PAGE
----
2017 Goals

2016 was an epic cycling year for me. The main aim of the year was the completion of the inaugural running of the Tour of the Highlands Sportive, which is an awesome three day, 300+ mile event with a ton of climbing. I also aimed to hit my highest ever annual mileage cycling. I planned to commute on the bike 3-4 days a week, depending on weather to get 15 miles each commute day, plus a 100km+ ride every Sunday with the club. Unless the weather prevented it. At least 100 miles a week on average through the year.

I was doing great, right up until I did a ride to the coast with B&DCC. That ride was too flat. Not enough hills. I got bored of cycling. 120 miles in I’d had enough with another 20 to go. I had plenty of power left to ride. I was just fed up of actually riding. That led me to deciding to cut back the cycling for a week or two, then start training to do some hill climbs when the season started.

I love riding up hills. That’s my thing. I know that. A big long challenging flat ride is ok, but I’ve done the coast and back a few times so I knew I could do it. It wasn’t a new challenge. I’ve done a 200+ mile flat sportive. That was tough. But I’ve done 200 miles. I know I can just keep riding, if I fuel right. It’s boring. I need the hills!

So the idea was to hit the hill climbs. I know I’m not going to be competitive. I’m not interested in proper structured training, I just like to explore, enjoy and ride upwards. But I’ve done a couple of hill climbs before, they’re a bit of fun. It was something to aim for to get me excited about riding again.

Then I got knocked off my bike by a dog on my Commute the day before my family holiday. I broke my collar bone quite badly, requiring surgery. I did get back on the indoor trainer as soon as I could, to keep the fitness, but it was 4 months before I was fit to ride outside again. This kind of destroyed my cycling year, and got me banned from cycle commuting, as it’s the second time I’ve ended up in hospital as a result.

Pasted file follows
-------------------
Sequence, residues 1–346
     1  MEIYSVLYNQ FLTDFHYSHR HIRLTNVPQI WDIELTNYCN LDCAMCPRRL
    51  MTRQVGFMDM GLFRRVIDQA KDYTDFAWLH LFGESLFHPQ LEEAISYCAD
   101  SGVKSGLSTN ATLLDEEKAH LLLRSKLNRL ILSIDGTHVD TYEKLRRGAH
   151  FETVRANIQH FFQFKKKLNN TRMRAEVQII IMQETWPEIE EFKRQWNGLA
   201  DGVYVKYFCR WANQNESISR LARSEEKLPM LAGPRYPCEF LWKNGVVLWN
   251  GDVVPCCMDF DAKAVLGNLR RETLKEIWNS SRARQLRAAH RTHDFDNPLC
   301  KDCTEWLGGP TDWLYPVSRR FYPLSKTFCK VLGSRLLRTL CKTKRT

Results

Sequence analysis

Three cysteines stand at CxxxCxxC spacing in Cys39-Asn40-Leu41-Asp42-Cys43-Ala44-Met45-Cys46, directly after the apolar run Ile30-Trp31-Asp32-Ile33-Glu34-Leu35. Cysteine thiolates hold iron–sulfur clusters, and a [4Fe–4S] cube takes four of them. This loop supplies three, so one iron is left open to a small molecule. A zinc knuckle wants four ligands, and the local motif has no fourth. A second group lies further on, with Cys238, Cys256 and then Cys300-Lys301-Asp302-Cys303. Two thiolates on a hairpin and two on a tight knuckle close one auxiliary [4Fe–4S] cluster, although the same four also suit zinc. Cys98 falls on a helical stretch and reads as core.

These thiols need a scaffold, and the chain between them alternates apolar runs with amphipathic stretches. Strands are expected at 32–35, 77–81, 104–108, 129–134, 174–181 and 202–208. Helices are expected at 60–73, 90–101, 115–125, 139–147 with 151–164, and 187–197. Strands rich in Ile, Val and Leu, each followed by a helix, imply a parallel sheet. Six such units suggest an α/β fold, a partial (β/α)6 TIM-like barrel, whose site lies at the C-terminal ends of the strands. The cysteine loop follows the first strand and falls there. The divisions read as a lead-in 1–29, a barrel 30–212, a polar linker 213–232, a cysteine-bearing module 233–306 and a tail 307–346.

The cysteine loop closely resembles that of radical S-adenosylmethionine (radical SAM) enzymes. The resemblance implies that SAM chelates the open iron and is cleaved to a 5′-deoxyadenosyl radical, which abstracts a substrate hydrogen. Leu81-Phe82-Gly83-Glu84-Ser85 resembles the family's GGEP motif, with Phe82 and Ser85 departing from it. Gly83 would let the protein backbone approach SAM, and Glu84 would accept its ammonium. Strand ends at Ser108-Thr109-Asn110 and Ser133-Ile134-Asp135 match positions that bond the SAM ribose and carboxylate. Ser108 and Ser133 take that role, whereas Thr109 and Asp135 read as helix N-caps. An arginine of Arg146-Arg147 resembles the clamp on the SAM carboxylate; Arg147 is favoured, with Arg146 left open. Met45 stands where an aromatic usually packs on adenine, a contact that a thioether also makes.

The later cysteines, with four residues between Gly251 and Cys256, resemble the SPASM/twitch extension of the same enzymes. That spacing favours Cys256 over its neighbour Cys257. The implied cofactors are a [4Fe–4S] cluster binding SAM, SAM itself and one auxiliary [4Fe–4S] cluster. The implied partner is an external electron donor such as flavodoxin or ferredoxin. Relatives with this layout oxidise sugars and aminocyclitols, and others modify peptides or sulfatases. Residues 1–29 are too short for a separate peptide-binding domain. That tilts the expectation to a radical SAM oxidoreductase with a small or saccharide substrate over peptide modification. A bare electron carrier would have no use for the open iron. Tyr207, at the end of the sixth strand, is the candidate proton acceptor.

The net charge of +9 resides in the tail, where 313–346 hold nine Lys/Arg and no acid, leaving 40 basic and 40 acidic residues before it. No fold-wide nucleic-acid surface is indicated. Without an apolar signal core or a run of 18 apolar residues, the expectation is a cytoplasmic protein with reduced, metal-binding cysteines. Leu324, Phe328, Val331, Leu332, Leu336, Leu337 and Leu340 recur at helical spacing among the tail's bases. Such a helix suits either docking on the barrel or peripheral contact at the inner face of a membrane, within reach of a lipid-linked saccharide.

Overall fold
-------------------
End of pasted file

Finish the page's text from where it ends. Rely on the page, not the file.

I need a goal for 2017, something to keep me motivated and excited to ride. I always ride year round, except in the dangerous weather. Rule #5 and Rule #9 are really important to me. So I generally keep going, but I just need something to look for to help that.

We’ve got another three day tour planned for the year, that’s going to be great, riding in Shropshire with most of the group I rode TOTH with and a couple of other good cycling friends. But that’s fairly early in the year (end of May) so I need something to keep me going all year.

I’ve been keen on Simon Warren’s book 100 Greatest Cycling Climbs, and the follow up Another 100 Greatest Cycling Climbs for some time. I’ve now ridden 18 of them over the years I’ve been riding. As I live near the Peak District, there’s a good cluster I’ve ridden many times.

So my aim this year is to ride as many of the 100 Greatest Climbs I can in the year. Not just looking to ride ones I’ve never done, but to get as many in as I can. So, I am to complete all the Midlands climbs. That’s easy, I can ride to them all from home. There’s a few Yorkshire ones I can get to from home yet to tick off also. The trip to Shropshire includes a couple. So now I’m looking around to see which other hills I can get to in a day trip with the car. Some of the Lake District hills to revisit, and hopefully the Yorkshire Dales and North York Moors could get a visit. I’m also looking at using the train to get from home to somewhere, then ride up some of the hills on the way back.

It’s got me dead excited!

Holme Moss

This has to be the most iconic climb I’ve done. It’s number 43 in the Hundred Greatest Climbs.

Now, there are harder climbs and longer climbs in the book. But I think this is so far the single greatest climb.

That said the book seems to just focus on the pure uphill bit of the climb. Which I think is wrong, I prefer the longer game.

Starting out of Holmefirth (last of the summer wine) and winding along the valley a little gradual up to warm the legs. Then it really stars with a vicious little up hill out of the saddle, just to make sure you’re hit hard to start with into Holme.

You’re rewarded with a short downhill before the real work begins and the book version of the climb starts.